Monday, September 26

Microsoft’s idea to launch Windows 11 ARM goes beyond emulation: this is Arm64EC


One of the main drawbacks of Windows 11 ARM-compatible computers, such as the Microsoft Surface Pro X, is the limited amount of software available. Most programs are designed to work with the x64 architecture that we find in computers with Intel or AMD processors, but not in those with ARM processors.

One of the possible solutions to this scenario, if we don’t want to force developers to recompile all their software at once, is to use emulators that allow x64 programs to run on ARM. Windows 11 has supported this type of emulation since last year, but the operating system now is taking another interesting step with Arm64EC.

Arm64EC, good news for Windows 11 ARM?

Although the use of emulators or dynamic translators can be a good option, let us remember the case of Apple’s Rosetta 2 in its migration from Intel to Apple Silicon, they are also considered a temporary solution since, in general, do not allow programs to run natively and, consequently, obtain the same performance as on the platform for which they were created.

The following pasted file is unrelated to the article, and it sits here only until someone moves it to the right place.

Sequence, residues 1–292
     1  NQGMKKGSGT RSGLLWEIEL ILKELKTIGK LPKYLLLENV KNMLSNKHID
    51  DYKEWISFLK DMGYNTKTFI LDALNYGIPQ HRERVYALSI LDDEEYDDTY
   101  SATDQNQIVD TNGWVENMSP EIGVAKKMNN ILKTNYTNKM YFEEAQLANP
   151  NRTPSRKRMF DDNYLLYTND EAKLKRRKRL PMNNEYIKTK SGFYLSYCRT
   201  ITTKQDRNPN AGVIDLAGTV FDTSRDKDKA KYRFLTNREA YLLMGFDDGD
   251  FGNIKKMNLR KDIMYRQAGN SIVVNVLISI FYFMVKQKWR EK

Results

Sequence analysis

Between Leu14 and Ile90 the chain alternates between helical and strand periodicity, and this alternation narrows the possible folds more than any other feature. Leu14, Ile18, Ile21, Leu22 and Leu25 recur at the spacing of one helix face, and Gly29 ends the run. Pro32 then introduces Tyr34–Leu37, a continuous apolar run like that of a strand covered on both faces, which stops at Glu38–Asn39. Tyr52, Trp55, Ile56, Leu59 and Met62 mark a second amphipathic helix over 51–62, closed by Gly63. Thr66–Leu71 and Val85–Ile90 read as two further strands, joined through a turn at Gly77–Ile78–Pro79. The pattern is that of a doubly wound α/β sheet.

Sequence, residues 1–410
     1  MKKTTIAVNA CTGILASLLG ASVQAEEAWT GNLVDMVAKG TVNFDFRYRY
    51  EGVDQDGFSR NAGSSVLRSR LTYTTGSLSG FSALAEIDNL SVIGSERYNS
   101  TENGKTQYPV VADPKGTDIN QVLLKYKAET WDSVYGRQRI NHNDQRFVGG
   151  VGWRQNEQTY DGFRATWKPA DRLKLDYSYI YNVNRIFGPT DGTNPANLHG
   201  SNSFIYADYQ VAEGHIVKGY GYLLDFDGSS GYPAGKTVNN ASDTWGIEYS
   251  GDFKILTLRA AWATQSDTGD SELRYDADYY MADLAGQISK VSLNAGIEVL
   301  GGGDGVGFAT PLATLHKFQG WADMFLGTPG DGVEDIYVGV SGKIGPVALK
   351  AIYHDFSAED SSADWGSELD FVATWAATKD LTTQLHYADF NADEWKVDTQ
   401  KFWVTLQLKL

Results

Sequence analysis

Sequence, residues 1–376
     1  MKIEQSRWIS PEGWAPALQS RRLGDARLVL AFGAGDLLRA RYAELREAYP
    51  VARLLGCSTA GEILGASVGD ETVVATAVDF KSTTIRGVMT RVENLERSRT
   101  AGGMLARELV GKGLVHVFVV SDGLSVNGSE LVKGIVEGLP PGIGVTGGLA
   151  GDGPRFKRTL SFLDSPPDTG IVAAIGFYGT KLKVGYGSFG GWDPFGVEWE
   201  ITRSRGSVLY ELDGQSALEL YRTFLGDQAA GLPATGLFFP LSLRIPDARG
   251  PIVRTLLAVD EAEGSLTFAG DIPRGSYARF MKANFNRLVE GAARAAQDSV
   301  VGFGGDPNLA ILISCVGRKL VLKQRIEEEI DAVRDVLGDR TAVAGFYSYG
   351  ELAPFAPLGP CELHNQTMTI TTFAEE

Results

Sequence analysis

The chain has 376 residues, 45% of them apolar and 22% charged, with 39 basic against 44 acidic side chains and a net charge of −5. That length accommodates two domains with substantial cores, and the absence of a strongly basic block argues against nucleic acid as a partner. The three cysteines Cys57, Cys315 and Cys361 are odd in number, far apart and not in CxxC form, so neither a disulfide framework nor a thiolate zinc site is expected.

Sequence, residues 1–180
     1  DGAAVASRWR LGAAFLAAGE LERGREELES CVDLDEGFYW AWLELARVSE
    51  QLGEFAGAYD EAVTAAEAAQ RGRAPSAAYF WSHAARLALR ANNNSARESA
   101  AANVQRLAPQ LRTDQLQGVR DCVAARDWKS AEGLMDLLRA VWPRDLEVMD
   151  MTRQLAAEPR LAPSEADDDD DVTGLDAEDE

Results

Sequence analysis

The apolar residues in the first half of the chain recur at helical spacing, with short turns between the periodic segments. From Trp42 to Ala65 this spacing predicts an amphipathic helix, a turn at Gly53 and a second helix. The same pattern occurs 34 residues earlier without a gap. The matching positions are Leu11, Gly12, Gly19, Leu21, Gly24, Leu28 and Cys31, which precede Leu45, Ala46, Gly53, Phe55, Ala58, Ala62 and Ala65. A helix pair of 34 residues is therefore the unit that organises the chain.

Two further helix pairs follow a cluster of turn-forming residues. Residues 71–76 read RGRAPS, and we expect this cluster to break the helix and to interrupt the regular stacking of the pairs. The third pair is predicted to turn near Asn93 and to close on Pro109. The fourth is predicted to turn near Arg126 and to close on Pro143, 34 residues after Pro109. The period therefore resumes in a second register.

Now, from a developer’s perspective, migrating your software to another platform can be a complicated process, demanding time and resources from your team. What Microsoft is proposing with Arm64EC is the concrete possibility of doing the migration work little by little thanks to the interoperability of code for x64 and for ARM.

This means that an application can have a part built for ARMwhich will benefit from native performance, and another part for x64, which will work thanks to the Windows 11 emulator. This possibility is also very interesting for apps that have third-party dependencies or add-ons that are not ARM compatible.

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For now, developers can already work with ARM64EC to adapt their applications to ARM (or part of them) with Windows Insider SDK and Visual Studio Preview. Users, for our part, could see the arrival of more native applications for Windows 11 ARM, a promising platform, but when it comes to working or playing, it presents problems due to its limited software offer.

Now, despite Microsoft’s efforts, in the minds of developers there are also many other variables that must be considered before migrating their applications, such as the possibility of commercially exploiting their work, something that is related to market share and future projection of the platform.

Everyone wants their own ARM chip: Google, Apple, Huawei and Samsung already manufacture their SoCs, but there are many more in the pipeline

Currently, the PC market is dominated by x86/x64 architectures with processors from Intel and AMD. In the ARM sphere, Apple has 9% of the market with its M1, M2 processors and variants, according to TechRadar. Qualcomm, with its Snapdragon, owns 3% of the world market, but this is divided into products with ChromeOS and Windows. As we can see, ARM on Windows still needs to take off.

Pictures | microsoft

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